For decades, certain traditional American names like John or Ann were so widely used, they became “common names.” Today, we still think of those names as common names, but it isn’t necessarily because they are commonly used. In fact, common names are losing the popularity contest.
Researchers Todd Gureckis, an assistant professor of psychology at New York University, and Robert Goldstone, a professor of psychological and brain sciences at Indiana University-Bloomington, analyzed127 years of data from the Social Security Administration. They found that between 1880 and1905, common names tended to fluctuate in popularity from one year to the next, going up one year, then down. But between 1981 and 2006, names tended to be like fashion: they become wildly popular, only to be abandoned for more trendy names years later.
“Parents in the United States are increasingly sensitive to the change in frequency of a name in recent time,” the authors noted. “Names that are gaining in popularity are seen as more desirable than those that have fallen in popularity in the recent past.”
The trends are so strong that you can often tell someone’s age by their names. If your name is Ashley or Brittany, it’s likely you were born in 1990. If your name is Emma or Isabella, you are probably about a year old.
The table below compares the fashionable names in 1990 to those in 2008. You’ll see how girls’ names seem to be more susceptible to trends. Half of the male names have maintained their Top 10 ranking between 1990 and 2008, while only one female name has done so.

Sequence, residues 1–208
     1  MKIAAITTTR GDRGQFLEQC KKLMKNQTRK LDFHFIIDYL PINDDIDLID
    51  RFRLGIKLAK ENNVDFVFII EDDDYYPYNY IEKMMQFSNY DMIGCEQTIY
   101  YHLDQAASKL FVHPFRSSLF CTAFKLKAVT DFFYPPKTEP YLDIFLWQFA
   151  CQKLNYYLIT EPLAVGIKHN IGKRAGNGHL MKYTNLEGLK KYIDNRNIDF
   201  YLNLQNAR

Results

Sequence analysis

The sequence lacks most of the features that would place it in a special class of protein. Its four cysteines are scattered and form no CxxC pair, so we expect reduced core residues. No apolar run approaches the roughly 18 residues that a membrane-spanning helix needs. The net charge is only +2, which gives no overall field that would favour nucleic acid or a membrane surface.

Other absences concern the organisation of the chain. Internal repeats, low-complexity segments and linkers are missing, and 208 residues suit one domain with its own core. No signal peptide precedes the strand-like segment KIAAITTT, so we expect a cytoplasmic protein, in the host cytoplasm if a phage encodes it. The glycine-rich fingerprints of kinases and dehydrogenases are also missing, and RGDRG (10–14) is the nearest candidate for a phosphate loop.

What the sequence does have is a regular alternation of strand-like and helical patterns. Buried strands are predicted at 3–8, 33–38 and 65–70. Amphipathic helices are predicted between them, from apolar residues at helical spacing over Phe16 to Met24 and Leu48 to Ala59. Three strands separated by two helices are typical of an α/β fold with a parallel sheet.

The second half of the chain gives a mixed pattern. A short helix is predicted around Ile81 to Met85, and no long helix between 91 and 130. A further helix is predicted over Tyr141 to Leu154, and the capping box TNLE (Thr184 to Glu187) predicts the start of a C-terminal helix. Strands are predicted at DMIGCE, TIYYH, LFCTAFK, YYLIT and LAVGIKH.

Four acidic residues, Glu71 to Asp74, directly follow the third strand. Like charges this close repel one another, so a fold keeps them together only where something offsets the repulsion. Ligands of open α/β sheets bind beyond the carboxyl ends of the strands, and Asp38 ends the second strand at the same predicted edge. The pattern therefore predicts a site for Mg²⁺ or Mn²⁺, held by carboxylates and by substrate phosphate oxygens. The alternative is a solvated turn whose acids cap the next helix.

The most common baby names of the 21st century, Emily and Jacob, account for just over one percent of girls and boys named since 2000. In 1955 about one-third of boys and one-fifth of girls were given one of the 10 most common names of the century. Today, fewer than 10% of boys and girls are given one of the 10 most common names.
Interestingly, some of America’s most successful people tend to have common names. The names John, Robert and James are more prevalent among the 972 male CEOs on the 2009 Fortune 1,000 list than they are among the boys who were born between 1940 and 1960 (when most current CEOs were born), according to USA Today. The names Richard, Paul and Edward are also more statistically prevalent among CEOs than among the general population.
My name, Kurt, has not made the top 100 popular boys’ names at any time in the past 60 years (the closest it got was 109 in 1964). Still, I have always liked the name Kurt because, while unique enough to usually be the only one in the class, it was never a target for teasing (except when some smart aleck told me to “curtsy Kurtsy”). It’s a strong name, hard to mispronounce, and looks respectable on a business card. Plus, it puts me in some lofty company: actor Kurt Russell, author Kurt Vonnegut and rocker Kurt Cobain.
What about your name? What has it meant to you?
To check out the popularity of your name over the past 100 years, go to http://www.ssa.gov/OACT/babynames/